Ed Roman Interview

Hello, Ed. How are you doing today?

A. Thanks for having me. Well I’m great. I’m so happy spring is here and I’ve been very busy planting my garden and getting things ready around the farm.. The New CD “Letters From High Latitudes” is out and I am so proud and happy to bring it to my fans.

Album-Cover-Letters-From-High-Latitudes

Letters from High Latitudes is your latest album. How is it different from what you have recorded in the past?

A. In the past I have played a great deal of electric music from the pop, rock, funk side of things and in the last 5 years I have branched out into so many other genres of music that it’s hard to pinpoint one style or area of music to label me as. I have really explored my jazz roots and my eastern heritage with a lot of gypsy stylings. I have also branched out more into the folk and country world and have been really enjoying all of the new writing spaces that I’ve been finding.. It’s like finding a hidden chamber in an underground passage that shows you so much more…

What story or set of stories does the album tell?

A. The album stories are about questioning and asking important social, political and spiritual questions about the way we exist with ourselves, others and our ever changing human landscape. We tend to forget our history and not learn from the past with an alarming amount of forward force into a brave new world…

What artists are the greatest influences for you and your music?

A. Tough question as there are so many.. I really aspire to artists that are pushing some kind of envelope and really thinking and feeling great ideas. The era that it spans is great starting with people like Louis Armstrong, Duke Ellington, Charles Mingus, Cole Porter, Jerome Kern, and Miles Davis… But so many more from that era. Then early pop music from the Beatles, Stones, Santana, The Grateful Dead, Bob Marley, Tower Of Power and on and on. However on a personal growth and forward thinking level I would say bass players were and still are very influential people; like Jaco Pastorius and Mark King. These two cats really motivated me more than most… Jaco and his incredible abilities in composition and soloing but also Mark King and his ability to play and sing the way that he does…

You are a skilled multi-instrumentalist. What is your process like when you involve other musicians to the mix?

A. I am very open minded to the process of others lending their knowledge and spirit to a song or project. There are so many different ways to approach ideas and mine are not always perfect. I love the fact that songs can take on a new life with just a small suggestion or feel change. A great deal of the Jazz and Fusion like music is taken live off the floor so as to be able to catch that spontaneous feel that is so crucial to the moment and is very difficult to achieve taken at different times. Some of the guest soloists have had a large frame work to feel from and 90% of the track is there so it feels like your playing with others..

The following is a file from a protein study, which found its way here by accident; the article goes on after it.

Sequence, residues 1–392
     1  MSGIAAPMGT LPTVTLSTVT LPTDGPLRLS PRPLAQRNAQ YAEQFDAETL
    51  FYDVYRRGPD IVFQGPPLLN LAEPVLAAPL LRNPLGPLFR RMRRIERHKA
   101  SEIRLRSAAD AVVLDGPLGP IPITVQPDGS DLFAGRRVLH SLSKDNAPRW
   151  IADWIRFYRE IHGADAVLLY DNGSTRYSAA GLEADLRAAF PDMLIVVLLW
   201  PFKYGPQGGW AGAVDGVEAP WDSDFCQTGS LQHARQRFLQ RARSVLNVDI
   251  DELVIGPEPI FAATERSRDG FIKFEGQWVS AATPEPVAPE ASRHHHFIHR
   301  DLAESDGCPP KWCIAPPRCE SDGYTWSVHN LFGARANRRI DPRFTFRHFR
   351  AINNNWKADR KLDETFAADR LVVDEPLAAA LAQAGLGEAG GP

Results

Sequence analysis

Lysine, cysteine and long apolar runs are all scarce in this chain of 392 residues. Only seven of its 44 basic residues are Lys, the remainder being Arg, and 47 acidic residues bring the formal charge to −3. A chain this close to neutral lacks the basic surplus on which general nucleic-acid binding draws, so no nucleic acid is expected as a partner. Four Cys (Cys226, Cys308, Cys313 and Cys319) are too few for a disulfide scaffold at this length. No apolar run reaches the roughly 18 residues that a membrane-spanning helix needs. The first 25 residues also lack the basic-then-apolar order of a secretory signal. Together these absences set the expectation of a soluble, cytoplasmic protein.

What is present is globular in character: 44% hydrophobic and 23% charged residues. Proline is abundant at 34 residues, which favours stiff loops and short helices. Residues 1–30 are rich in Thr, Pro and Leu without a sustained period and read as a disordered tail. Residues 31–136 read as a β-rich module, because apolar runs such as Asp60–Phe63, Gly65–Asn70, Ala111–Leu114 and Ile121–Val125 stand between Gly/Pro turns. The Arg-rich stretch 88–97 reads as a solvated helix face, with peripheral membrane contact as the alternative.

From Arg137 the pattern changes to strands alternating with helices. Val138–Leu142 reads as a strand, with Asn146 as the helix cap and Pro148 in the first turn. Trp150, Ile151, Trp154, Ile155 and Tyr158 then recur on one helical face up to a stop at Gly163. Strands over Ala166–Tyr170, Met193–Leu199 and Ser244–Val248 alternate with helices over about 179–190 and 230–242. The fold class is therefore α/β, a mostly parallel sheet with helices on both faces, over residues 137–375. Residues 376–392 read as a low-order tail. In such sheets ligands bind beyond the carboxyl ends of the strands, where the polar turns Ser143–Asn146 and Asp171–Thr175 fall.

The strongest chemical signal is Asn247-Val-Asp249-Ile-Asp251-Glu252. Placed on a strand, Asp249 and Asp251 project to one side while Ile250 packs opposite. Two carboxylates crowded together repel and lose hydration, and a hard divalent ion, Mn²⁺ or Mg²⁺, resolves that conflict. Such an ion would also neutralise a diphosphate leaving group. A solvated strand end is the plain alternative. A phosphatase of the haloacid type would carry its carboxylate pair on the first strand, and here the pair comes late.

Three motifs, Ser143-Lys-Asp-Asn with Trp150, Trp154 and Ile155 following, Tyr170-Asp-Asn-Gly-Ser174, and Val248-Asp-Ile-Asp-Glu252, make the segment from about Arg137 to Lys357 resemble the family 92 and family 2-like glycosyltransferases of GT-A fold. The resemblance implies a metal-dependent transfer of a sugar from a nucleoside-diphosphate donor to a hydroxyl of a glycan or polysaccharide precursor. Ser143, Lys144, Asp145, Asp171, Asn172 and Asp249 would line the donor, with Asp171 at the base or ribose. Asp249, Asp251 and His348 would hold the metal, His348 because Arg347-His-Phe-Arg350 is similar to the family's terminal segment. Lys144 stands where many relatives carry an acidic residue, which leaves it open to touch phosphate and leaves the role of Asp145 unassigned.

Why does the production of Letters from High Latitudes sound so professional?

A. I’ve been doing this for a long time now and have learned to be comfortable in the studio.
My home studio is gear and instruments that I have collected over many years. Really though I am very very lucky to have someone like Michael Jack that I have been working with since I was a teenager. Michael is an internationally acclaimed engineer and has worked with the likes of Bono from U2, Rush, The Trews, Gordon Lightfoot and on and on.. His experience over the years has made Mike one of those cats that is like Eddy Kramer who just knows the right time to step in and the right to let the horses go.. Michael has incredible ears and has mixed and mastered so much internationally acclaimed music it’s hard not to see and hear it translate..

You are hitting the road in support of Letters from High Latitudes. Where will your tour take you, and which cities or areas would you still like to play?

A. I will be playing in Canada a great deal this summer and I really want to get down to the west coast of the US and play in Seattle and California. I also want to hit the eastern seaboard for a whack of shows in the late summer and early fall..

Given one sentence, how would you define yourself as a musician?

A. Ever growing, Ever changing, Ever learning.

How can listeners find samples of your music?

A. You can also get the Ed Roman APP on iTunes for your iPhone or Android devices or if you wish you can check out my reverbnation page. Just look for Ed Roman. You can also buy the New CD at 50 different locations across the digital board from Amazon to iTunes or come to www.edroman.net to get all of my music.

Do you have anything else that you would like to discuss with us?

A. I would like to say thank you so much for having me and a shout out to my amazing manager Michael Stover at MTS Management for all his amazing help. Special shout out to all my fans for all your love and support..
“Talk, Listen, Share, Love”.. EJR..

Author: James McQuiston

Ph.D. in Political Science, Kent State University. I have been the editor at NeuFutur / neufutur.com since I was 15. Looking for new staff members all the time; email me if you are interested. Thanks!

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